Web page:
Tax Credits & Deductions for Seniors
10 Ways Older Adults Can Reduce Tax Bills Starting at Age 50

· Updated: March 09, 2022

Everyone wants to keep more of their hard-earned money. Luckily for seniors, many of whom are on a fixed income, there are several ways to save on taxes. With one out of three seniors aged 70-79 having saved less than $100,000 for retirement1, every deduction counts.

A good way to make sure you aren’t missing out on deductions is to get professional guidance. There are free tax preparation services available to seniors through the IRS and AARP. Also, those with an adjusted gross income (AGI) of $73,000 or less per year can file online for free using one of several tax software providers. These online providers and IRS-certified volunteers can answer questions about senior tax perks like the ones below.

When You Turn 50

Larger IRA Contributions

Those age 50 or over can contribute $1,000 more to their IRA, making the maximum contribution for the year $7,0002. For a traditional IRA, these contributions act as a tax deduction. Also, once you reach 59½, you no longer have to pay an early withdrawal penalty for these funds.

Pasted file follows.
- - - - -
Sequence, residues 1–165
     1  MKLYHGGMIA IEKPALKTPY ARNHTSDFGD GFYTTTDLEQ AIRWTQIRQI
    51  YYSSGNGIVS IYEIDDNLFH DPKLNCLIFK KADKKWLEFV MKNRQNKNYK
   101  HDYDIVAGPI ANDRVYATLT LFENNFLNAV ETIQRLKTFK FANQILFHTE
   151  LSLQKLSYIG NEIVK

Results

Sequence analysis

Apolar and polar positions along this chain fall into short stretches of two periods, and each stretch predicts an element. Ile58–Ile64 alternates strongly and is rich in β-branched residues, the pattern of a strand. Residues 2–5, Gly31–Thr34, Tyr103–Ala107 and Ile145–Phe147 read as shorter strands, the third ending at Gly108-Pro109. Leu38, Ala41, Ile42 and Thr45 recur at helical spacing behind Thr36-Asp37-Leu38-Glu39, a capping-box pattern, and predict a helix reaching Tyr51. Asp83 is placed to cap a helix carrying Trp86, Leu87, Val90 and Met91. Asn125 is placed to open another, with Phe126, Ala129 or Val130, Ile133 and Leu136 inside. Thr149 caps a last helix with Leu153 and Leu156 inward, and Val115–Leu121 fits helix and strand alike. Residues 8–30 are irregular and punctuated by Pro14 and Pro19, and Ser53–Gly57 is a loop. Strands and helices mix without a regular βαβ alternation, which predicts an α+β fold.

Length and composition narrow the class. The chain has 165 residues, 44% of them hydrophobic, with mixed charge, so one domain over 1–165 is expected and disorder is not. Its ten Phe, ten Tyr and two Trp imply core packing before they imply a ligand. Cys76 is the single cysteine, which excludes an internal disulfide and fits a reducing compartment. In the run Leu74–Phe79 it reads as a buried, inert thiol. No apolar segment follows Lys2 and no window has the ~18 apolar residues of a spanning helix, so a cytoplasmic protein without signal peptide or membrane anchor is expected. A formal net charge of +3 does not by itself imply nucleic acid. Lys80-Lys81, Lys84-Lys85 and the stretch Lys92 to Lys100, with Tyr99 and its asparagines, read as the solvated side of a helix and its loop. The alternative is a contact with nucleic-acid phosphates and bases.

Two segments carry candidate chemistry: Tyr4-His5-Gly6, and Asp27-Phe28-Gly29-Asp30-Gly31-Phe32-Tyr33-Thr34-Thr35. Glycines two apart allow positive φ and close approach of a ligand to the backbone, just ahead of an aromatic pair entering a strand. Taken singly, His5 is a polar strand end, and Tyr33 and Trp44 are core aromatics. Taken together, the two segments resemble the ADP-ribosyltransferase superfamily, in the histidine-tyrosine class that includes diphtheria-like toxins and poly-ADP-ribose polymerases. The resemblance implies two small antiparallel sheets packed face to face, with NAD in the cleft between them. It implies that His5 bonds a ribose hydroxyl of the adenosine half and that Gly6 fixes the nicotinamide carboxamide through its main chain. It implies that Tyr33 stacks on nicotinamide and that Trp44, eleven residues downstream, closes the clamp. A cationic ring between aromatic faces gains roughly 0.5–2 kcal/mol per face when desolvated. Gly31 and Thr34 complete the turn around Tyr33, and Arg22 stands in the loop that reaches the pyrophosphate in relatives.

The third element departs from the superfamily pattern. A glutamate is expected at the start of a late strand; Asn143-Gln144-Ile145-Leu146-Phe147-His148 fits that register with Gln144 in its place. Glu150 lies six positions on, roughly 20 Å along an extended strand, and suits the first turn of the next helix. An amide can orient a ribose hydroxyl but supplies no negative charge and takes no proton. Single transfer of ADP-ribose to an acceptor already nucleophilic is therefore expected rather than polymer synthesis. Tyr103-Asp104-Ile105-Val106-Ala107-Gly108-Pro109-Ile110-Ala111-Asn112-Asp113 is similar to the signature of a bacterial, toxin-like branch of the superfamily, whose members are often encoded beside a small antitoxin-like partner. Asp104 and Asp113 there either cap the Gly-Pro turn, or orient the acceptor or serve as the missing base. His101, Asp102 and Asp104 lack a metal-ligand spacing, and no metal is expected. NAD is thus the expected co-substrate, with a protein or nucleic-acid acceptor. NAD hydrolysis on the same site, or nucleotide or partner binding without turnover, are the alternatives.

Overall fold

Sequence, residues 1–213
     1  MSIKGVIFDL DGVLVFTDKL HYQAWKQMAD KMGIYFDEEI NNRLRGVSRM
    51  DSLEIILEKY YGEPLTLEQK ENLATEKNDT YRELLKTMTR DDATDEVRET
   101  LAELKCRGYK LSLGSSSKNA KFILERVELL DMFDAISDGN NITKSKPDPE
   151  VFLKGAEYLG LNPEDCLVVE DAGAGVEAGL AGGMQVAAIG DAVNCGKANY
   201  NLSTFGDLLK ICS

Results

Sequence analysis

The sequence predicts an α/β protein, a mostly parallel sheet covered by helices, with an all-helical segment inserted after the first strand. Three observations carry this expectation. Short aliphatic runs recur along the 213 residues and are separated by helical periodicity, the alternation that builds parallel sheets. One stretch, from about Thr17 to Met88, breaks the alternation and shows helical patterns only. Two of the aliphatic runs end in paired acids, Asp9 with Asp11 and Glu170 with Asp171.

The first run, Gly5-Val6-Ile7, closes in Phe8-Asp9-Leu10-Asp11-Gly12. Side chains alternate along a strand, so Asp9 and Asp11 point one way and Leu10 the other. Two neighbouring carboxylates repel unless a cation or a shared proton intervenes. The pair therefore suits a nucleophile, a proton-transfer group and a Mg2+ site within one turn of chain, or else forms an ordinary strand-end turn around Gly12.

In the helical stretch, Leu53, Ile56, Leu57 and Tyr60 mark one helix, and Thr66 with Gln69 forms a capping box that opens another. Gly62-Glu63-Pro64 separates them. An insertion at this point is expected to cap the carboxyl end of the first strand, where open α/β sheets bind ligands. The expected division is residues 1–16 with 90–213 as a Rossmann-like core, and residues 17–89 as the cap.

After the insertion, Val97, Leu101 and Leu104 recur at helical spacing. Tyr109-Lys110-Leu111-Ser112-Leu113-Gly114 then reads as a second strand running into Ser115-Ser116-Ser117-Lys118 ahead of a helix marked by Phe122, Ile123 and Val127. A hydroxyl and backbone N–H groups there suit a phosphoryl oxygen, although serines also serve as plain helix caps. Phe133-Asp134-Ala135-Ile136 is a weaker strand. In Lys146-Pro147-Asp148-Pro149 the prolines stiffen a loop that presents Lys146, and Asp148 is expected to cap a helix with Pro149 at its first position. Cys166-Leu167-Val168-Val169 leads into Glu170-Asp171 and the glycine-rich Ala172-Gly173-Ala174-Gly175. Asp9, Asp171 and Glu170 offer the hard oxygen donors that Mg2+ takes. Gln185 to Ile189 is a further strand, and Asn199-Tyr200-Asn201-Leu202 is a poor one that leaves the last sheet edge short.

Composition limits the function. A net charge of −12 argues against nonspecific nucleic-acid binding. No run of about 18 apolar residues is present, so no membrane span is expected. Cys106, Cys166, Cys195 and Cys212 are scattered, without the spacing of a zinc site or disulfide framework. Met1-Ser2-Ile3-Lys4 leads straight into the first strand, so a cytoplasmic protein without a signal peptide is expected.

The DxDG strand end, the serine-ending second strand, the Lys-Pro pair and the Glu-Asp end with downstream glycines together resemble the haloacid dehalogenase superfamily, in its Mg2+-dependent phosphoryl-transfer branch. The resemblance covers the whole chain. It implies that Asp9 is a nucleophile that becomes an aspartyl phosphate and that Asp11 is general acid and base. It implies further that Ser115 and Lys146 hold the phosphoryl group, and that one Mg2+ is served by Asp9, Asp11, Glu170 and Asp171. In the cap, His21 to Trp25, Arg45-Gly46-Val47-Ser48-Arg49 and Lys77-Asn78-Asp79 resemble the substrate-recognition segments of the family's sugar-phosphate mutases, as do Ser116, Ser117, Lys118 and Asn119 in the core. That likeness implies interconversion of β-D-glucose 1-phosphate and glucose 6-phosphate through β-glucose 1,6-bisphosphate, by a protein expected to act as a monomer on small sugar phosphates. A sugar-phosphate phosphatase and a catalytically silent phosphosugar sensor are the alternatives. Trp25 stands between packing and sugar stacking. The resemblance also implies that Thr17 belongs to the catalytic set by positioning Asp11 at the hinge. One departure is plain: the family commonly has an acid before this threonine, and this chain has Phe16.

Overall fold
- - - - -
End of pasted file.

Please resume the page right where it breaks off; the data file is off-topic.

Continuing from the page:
401K Catch-up Contributions

Though not many take advantage of this perk, those over 50 can contribute an additional $6,500 to a 401(k) for 2022, bringing the total allowable contributions for the year to $27,000. Contributions to traditional 401K(k) plans are pre-tax dollars, lowering your taxable income while helping save for retirement. This catch-up contribution limit is also applicable for 403(b), SARSEP, and 457(b) plans.

SIMPLE IRA or SIMPLE 401(k) Increased Limits